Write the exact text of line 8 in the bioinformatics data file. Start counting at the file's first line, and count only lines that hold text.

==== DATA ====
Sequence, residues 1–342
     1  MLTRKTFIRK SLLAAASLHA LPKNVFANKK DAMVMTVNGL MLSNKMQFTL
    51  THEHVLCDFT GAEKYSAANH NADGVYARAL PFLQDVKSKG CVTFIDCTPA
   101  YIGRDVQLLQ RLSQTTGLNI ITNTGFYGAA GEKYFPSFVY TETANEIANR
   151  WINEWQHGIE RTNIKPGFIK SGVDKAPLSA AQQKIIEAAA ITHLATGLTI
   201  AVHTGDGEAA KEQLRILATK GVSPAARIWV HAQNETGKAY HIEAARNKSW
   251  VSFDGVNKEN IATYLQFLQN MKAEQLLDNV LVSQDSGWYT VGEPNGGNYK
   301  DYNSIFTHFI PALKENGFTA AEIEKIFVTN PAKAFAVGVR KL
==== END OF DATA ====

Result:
   301  DYNSIFTHFI PALKENGFTA AEIEKIFVTN PAKAFAVGVR KL